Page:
The main character (Venkman) achieves his goal of pushing Peck away with the activation of his defense mechanism that is established the moment that the character is introduced. He knows that he is superior to everyone else and quips wisecracks at the expense of those below him. As Peck threatens with unlicensed waste handling, Venkman’s objective quickly goes from schmoozing with the government official to threatening law suit and trying to push his adversary away.
As far as acting methods go, the actors begin casual. As it becomes apparent to their characters that there are tensions between the two of them and that they will be facing off against each other, they begin limiting the space between them. Both are unwilling to budge. While Peck (William Atherton) was quick to walk away and present the conversation with a comfortable distance, as soon as Venkman (Bill Murray) resists, they are in each other’s faces fighting for dominance in the scene. The movement of Peck as he sits down to look Venkman eye to eye pits them on the same battlefield, then at the end of the argument, Venkman stands to become dominant and Peck quickly counters getting to eye level again. Again, neither of them are willing to back down.
In addition to the actual dialogue in the scene, actions that the actors take (for example, Venkman is slouching in his chair during the beginning of the conversation fidgeting with a paperweight) show their perspectives on the conversation. In addition, costume direction plays an important role. Venkman is sloppy, worn from working hard, slime covered. Peck is dressed in a nice suit with a power tie. Their hair is also the same polar opposite. Venkman’s is unkempt while Peck’s is neatly arranged. Without the dialogue, we immediately have a sense of the roles each character takes.
As far as shot composition and cinematography go, again the entire scene is lit very evenly and very brightly. The shots are setup to associate Venkman with chaos, clutter, and disorder (the desk in front of him is messy, behind him an empty potato chip bag and more of a mess). Peck is associated with straight lines and order (he is shot with the walls and the file cabinets behind him. Both are very heavy metaphors for their personality.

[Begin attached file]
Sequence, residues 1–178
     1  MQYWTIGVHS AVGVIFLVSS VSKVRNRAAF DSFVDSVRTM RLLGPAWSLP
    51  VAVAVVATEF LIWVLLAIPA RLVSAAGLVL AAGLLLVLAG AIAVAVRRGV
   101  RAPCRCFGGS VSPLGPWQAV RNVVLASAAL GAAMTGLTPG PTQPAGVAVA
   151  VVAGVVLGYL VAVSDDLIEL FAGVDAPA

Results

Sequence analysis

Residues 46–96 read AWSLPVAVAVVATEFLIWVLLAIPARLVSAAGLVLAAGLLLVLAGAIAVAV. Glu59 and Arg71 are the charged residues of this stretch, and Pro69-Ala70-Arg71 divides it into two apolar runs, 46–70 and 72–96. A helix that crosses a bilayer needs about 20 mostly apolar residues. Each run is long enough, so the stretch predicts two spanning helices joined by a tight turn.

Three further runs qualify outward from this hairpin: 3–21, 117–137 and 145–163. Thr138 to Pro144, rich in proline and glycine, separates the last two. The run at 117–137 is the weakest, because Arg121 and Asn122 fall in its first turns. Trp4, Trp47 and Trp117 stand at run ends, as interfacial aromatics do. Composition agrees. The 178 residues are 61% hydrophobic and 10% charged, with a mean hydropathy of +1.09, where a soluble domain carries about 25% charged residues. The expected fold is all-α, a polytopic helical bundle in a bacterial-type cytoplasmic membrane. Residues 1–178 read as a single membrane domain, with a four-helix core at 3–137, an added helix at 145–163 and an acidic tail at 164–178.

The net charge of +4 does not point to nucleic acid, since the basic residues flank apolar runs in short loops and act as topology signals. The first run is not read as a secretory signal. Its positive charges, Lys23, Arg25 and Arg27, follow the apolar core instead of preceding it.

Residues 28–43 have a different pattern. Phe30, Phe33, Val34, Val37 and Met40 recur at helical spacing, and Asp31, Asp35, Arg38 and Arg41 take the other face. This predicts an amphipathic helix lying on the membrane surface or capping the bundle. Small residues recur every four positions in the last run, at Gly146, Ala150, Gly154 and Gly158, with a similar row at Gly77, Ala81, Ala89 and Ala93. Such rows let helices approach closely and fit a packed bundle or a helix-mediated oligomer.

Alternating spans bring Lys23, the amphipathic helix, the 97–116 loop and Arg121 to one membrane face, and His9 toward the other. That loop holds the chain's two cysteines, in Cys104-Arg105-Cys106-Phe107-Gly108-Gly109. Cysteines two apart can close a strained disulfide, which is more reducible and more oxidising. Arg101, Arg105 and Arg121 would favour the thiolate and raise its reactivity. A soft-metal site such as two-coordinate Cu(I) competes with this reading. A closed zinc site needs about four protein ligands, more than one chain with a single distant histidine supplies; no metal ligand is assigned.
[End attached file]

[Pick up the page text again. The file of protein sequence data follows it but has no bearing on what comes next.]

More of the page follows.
There is little foley to the scene and there is no music added.
Judging from the final edit, it appears that there were 12 setups. 3 of them included a pan and a tilt, 2 of them tilted up to follow the characters, 1 moving pan became a planned 2 shot of both characters. The editing seems to be a simple back and forth from character to character. Again, it seems to speed up and move to the tighter and closer shots as the tensions between the two characters grow. As both of them become familiar with each other, the audience becomes “closer” acquainted with the two of them. The pacing also mirrors this concept. It grows faster, with the lines being read quicker and the cuts getting more frequent toward the end of the scene. It builds the tension, deepening the argument between the two characters as they get further and further into it.
The scene seems to be from Venkman’s point of view. Obviously, since it begins casual and friendly we are led to believe that this was what Venkman was expecting from the encounter. Had the scene been from Peck’s point of view, I’m sure that it would have been less friendly and more confrontational from the start. Peck was there to stir up trouble and it took a while for Venkman to catch onto that. Then again, when the EPA comes knocking at your door, it normally just isn’t a friendly chit chat is it?